every Starbucks should have a polar bear (scoradh) wrote,
every Starbucks should have a polar bear
scoradh

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holla if you like freak juice

Went on a family trip out to WIT, which was hosting a Sustainable Building exhibition. Any delusion of rationality was shattered by car conversations like the following:

Brother: Is it illegal to sleep in your own car?
Me: It is if you’re driving it.

And:

Father: I guess you’ll be wanting to do up the Chinky (the Fiat I share with my brother) with spoilers and exhaust systems, eh, male fruit of my loins?
Me: Indeed he’s not. I’m going to get some pink flower stickers and a crystal for the rearview mirror and a nodding dog, or maybe a nodding cat if you can get them, or maybe a whole row of nodding cats. Pink ones.
Father: ... (his standard response to me)

My father, who’s a builder by trade and a tinkerer by nature, was fascinated by the exhibition. My mother was in it for the free pens and lollipops, and my brother and I got mistaken for a couple who wanted to build a house. Clearly genetics went drastically awry in the seven years between us.

Honestly, I think I exude some pheromone that attracts freaks. Brother and I were merely admiring a plasma screen TV (another thing I may put in my car) when the exhibitor jumped on us and started telling me all about cables. From literally about four inches away. I don’t appreciate bad breath at the best of times, and especially not when I have to inhale it in lieu of my own air. I didn’t know how to say, “I just like the pretty TV,” and thus now know far more about cables than I ever wanted to, and had him stare down my top far longer than a married man ever should.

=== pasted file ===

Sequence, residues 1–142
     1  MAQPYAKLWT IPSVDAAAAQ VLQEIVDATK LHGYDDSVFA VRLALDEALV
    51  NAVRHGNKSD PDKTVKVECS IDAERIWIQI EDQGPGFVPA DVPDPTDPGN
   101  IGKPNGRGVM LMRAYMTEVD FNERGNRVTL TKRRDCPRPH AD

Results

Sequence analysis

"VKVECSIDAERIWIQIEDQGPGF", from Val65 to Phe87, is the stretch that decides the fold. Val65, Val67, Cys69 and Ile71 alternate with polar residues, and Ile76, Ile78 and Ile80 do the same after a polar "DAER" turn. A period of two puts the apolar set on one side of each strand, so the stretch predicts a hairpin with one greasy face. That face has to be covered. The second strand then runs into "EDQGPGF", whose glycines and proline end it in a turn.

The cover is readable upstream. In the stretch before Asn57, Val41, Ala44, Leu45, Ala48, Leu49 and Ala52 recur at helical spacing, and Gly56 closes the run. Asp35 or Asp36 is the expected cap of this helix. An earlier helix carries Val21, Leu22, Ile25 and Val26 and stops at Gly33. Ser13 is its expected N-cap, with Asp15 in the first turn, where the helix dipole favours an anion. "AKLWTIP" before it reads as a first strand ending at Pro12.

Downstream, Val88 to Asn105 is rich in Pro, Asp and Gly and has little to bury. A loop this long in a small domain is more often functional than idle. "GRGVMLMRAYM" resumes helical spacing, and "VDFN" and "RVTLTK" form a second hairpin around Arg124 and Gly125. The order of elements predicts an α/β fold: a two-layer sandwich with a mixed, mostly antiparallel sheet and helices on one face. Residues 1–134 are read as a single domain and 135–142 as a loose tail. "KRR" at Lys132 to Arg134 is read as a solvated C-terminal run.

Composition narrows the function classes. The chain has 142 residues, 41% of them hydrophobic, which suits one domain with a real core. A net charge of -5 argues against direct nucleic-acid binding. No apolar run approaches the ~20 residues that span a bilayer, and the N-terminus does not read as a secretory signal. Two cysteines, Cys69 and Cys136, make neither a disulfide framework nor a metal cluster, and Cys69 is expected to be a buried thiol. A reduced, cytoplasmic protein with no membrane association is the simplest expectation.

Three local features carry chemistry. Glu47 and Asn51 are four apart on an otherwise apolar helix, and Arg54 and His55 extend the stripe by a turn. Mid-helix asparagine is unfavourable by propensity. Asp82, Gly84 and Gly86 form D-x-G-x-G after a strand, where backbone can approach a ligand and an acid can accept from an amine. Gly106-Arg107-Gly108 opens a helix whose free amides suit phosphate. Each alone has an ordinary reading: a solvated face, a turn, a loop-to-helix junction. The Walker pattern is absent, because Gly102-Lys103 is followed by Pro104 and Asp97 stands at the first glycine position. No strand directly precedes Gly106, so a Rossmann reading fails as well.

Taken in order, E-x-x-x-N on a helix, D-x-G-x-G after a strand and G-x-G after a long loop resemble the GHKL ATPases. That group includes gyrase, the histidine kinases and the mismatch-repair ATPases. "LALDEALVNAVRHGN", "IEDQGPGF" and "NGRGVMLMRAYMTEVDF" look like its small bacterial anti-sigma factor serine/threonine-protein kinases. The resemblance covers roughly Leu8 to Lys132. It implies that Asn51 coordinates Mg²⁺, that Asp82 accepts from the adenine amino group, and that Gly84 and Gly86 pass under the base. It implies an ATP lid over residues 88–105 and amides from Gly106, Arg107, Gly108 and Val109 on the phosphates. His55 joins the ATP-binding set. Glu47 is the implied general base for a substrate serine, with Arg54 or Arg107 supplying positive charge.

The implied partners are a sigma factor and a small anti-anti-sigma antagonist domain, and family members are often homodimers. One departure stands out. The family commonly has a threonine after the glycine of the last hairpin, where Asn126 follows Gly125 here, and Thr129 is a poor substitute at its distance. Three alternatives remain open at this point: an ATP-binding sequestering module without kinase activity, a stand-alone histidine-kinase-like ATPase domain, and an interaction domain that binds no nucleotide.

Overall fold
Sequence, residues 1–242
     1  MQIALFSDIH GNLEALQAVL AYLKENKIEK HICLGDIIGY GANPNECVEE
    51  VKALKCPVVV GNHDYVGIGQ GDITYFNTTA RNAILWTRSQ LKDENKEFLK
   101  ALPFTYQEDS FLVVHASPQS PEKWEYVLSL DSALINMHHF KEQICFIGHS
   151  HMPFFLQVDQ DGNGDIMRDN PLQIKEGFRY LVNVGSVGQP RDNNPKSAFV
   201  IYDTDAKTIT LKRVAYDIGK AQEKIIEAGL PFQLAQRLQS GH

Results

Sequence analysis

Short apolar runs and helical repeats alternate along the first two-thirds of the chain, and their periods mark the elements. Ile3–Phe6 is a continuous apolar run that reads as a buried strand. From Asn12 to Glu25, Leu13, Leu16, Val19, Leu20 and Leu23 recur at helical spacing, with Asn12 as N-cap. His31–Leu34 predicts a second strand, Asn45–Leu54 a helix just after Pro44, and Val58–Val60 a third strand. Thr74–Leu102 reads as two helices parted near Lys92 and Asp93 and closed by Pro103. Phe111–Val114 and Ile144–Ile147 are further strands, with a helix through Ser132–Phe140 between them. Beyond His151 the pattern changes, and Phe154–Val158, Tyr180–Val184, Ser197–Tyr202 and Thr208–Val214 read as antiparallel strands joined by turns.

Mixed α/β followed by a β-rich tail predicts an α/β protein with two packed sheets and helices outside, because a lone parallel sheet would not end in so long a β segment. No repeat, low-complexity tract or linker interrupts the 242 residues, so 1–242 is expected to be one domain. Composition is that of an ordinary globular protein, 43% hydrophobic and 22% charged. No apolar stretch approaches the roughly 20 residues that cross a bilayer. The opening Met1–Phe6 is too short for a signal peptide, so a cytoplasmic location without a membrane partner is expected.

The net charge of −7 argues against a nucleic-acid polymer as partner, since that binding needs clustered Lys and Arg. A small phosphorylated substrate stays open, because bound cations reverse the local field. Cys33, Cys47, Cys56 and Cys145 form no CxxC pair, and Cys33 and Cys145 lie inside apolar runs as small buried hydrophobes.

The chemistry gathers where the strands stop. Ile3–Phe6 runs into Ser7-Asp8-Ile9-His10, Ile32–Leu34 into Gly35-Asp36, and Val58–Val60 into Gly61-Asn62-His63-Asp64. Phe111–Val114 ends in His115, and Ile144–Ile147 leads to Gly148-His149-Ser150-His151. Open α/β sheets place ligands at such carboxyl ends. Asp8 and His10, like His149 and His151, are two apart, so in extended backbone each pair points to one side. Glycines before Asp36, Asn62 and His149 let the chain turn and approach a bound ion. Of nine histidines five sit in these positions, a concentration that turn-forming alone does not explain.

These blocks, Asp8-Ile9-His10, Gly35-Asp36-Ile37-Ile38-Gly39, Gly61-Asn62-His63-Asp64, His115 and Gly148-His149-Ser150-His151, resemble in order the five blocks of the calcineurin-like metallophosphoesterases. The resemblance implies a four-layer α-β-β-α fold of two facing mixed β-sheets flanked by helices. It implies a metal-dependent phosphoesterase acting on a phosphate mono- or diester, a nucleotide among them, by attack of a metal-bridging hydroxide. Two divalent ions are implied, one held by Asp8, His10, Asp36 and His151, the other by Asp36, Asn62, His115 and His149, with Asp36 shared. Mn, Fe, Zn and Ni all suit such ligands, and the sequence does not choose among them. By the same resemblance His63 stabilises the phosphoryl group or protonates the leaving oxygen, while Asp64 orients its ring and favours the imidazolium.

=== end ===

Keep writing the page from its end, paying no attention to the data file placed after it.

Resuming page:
On the way out, another old freak told me ‘I love your bag!’ Or rather he shouted it. Everyone in the entire hall heard it. Granted it is a very nice bag, very sparkly and so on, but I really think old men’s opinions on it needn’t be shared, with me or quite frankly anyone.

But these encounters pale beside the one I had in the bank last week. I needed to transfer money out an account and close it, because it held a grand total of thirteen euro. The young teller – who incidentally had ginger hair, the most horrible fingernails I’ve seen this side of the sixteenth century and a heat rash that got worse as the transaction proceeded – kept asking me all these questions, like where I went to college and what faculty I was in and my mobile number and if I was single and if I had my own house. (He informed me he had his own house. Why he supposed I cared I can’t imagine.) I assumed at the time it was standard procedure (in shutting down an account, though?). My mother came over and asked how he was getting on. ‘Painfully slowly’ was the correct answer I didn't give. She said something about how pitifully small my savings were and he answered: “Yes, when we run away and get married thirteen euro won't take us far.”

And let us not forget the guy on bebo who decided he fancied me madly because of my blog. My blog. Ye gods. I wish I knew what part of me suggests to these people that I’m nice or something, so I could AMPUTATE IT. Honestly. I need to get a tattoo on my forehead saying ‘You’re ugly and I’m shallow.’
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